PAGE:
A Reflection for the 30th Sunday in Ordinary Time
A young man, corresponding with a monk because he was interested in a monastic vocation, received this cold-water response. Even without context, the letter explains itself.
My dear Son,
I think you would indeed be wise to clarify your ideas, and put your more ambitious plans, if I may put it so, on ice. You ask if “the mystical Christ” is “enough.” The mystical vision is the reward of a long ascetic pilgrimage and not to be compared with the emotional experiences to which you refer. The full reality of the acceptance of Christ is hard and plain, it is bread and water, the way is a way of brokenness. Your “yearning for holiness” and “giving up the world” are still, I fear, mere expressions of feeling, fancies which give you a “thrill.” You think of the dedicated life as a form of death, but you will be alive and crying. The false god punishes, the true God slays. Sins must not be kept as stimulants, one must attempt to kill the evil in oneself, not simply punish and torment it. (I indicate a form of masochism to which many well-intentioned people are addicted!) You do not tell me whether you are attending Mass and availing yourself of the sacrament of confession. Your letters to me are not a substitute. It is not clear to me how you are spending your time. You should certainly find some regular work in the service of others, keeping in mind the possibility that this may, in the end, prove to be your whole way of serving Christ. Do not sit all day reading Eckhart! Later you may meditate upon what he means when he says seek God only in your own soul. Please perceive the love which prompts all these, as they may seem discouraging, words! Sorry this in haste, yours in Christo. Fr. Damien
The letter is addressed to a young man named Bellamy. Like many other infatuated youths, he is more in love with the idea of love than with God. Bellamy is the creation of the brilliant Iris Murdoch; he is a character in her novel The Green Knight (1993). Literary geniuses like Murdoch have a way of showing ourselves to us by telling us a good story.
We all yearn for love, so it is a small wonder that sometimes we fall in love with the notion of love before we meet someone whom we can love genuinely. The same can happen in our relationship with God. We were created to love God, to respond to the very source of beauty, truth and goodness that we find in the world. But how do we who dwell in the world come to love the creator of the world? How do we show our love to someone who stands beyond this world?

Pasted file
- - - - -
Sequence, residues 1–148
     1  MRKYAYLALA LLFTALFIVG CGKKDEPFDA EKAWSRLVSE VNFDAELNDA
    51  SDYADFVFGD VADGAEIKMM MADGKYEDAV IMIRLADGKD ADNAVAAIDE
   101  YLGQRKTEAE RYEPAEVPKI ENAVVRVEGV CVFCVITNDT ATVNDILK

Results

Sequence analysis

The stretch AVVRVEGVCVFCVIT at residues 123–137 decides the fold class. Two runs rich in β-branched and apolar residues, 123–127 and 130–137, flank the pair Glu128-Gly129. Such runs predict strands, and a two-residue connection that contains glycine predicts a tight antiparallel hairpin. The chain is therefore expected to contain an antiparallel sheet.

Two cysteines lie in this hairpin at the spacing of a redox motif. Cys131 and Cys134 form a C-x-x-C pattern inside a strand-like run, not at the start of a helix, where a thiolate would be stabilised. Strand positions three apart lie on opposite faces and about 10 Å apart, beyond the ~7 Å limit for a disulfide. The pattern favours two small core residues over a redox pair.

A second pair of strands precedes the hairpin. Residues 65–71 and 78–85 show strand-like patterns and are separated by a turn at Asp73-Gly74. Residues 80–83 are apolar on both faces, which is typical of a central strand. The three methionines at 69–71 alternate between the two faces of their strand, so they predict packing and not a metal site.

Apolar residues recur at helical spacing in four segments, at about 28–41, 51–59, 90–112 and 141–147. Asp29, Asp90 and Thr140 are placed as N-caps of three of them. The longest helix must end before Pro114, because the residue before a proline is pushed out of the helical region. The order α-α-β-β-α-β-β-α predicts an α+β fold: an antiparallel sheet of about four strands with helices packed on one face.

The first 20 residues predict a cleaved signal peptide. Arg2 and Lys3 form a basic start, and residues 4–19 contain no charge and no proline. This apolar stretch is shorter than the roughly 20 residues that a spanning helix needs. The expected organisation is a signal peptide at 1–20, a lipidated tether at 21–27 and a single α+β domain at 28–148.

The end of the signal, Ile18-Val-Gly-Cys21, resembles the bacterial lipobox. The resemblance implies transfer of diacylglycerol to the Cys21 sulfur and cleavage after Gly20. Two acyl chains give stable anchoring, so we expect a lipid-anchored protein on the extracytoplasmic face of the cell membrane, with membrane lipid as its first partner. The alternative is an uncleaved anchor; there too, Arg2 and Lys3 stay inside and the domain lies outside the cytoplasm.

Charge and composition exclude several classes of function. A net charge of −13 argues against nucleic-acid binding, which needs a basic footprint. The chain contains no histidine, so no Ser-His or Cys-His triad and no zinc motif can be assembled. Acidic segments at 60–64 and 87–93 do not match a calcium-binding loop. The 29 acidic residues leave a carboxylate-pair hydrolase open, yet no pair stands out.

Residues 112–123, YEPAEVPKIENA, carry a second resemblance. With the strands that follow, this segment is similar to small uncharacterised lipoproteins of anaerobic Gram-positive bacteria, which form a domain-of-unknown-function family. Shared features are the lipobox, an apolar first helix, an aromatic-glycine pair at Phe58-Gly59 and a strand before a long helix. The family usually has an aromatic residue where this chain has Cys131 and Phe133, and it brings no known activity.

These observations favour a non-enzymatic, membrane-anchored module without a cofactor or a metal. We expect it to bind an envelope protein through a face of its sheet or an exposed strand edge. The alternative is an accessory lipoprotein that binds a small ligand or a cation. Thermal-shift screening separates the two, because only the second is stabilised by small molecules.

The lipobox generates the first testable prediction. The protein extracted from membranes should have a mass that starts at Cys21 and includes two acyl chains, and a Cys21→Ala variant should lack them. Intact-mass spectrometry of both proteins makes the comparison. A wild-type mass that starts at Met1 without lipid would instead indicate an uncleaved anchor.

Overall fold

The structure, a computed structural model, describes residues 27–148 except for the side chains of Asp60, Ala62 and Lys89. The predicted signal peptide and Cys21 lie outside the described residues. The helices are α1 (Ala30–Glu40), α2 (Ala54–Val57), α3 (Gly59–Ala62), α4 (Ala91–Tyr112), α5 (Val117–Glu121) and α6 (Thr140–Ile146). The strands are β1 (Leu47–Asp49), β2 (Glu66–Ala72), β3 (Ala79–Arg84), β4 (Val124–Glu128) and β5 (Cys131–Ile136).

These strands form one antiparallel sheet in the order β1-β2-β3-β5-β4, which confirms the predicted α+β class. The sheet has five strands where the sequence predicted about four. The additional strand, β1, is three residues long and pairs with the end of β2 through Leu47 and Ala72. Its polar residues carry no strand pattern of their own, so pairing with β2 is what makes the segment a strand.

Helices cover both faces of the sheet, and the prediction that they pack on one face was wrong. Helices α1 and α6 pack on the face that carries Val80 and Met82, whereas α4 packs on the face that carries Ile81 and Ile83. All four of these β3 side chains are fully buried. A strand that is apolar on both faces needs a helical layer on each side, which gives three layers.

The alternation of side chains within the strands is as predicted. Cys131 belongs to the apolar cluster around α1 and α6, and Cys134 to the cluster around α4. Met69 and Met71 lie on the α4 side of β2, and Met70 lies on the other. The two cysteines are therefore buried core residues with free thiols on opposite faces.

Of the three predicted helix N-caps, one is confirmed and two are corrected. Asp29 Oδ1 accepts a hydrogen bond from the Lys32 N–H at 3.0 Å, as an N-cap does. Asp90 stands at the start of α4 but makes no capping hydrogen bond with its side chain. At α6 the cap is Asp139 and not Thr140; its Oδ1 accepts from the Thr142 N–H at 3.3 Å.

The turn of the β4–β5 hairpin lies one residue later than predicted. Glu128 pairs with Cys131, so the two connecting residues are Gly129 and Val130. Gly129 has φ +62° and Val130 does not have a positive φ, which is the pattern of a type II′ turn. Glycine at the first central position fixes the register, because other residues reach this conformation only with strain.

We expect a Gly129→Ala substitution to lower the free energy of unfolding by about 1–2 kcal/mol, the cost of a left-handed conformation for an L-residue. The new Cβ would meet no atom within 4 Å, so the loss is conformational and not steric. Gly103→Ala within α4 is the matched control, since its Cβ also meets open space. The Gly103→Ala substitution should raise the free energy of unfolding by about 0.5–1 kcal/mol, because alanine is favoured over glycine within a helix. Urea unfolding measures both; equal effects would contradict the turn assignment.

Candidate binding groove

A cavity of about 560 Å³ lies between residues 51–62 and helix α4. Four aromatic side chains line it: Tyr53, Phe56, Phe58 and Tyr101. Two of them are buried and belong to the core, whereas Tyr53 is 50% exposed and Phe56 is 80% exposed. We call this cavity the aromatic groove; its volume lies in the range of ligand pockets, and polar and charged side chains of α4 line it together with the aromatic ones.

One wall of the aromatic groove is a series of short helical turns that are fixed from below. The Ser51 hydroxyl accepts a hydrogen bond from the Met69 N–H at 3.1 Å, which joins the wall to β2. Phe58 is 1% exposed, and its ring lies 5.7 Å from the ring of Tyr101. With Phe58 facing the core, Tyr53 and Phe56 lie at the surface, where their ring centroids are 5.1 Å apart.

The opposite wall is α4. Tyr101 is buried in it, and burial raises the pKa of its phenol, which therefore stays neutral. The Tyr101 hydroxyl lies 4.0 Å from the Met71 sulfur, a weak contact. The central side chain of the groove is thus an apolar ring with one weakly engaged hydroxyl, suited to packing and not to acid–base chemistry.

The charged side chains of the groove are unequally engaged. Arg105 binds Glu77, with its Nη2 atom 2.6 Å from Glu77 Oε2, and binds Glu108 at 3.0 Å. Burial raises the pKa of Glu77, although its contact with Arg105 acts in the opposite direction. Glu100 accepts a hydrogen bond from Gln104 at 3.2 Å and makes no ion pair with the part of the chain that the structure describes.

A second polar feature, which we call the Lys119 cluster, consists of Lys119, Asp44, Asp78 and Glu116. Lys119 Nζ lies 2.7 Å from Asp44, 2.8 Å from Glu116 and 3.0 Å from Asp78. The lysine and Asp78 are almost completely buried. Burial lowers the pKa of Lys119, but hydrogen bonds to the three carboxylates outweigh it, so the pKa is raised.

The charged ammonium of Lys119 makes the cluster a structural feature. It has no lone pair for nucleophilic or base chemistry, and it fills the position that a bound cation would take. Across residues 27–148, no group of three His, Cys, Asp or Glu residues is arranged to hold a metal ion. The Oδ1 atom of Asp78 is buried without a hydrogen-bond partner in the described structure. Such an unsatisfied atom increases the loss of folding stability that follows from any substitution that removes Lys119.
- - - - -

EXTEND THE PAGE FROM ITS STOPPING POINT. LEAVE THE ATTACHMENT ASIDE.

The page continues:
Do not be disdainful of those like Bellamy, who perhaps love the idea of God more than the reality. Most everyone succumbs to some infatuation. It often precedes real love. Why should it be any different in our relationship with God?
In directing Bellamy to “the service of others,” Father Damien does no more than the Lord Jesus himself, who stands in a long line of Hebrew prophets, insisting that there can be no love of God apart from love of neighbor.
You shall love the Lord, your God,
with all your heart,
with all your soul,
and with all your mind.
This is the greatest and the first commandment.
The second is like it:
You shall love your neighbor as yourself.
The whole law and the prophets depend on these two commandments (Mt 22:37-40).
We can put icons and holy images throughout our home, just as an adolescent might post the image of someone fancied on the inside door of a locker. We can do religious things, like the lovelorn read romances. Nothing wrong with any of this—unless it is all we do.
Infatuations come and go, but even real love begins with romance. There is no reason for regret here. The remorse arrives if the romance fails to grow out of one’s self and into loving service of another. If the poor, the lonely and the afflicted do not have a friend in you, are you God’s friend? Are you really in love? Just asking, as they say.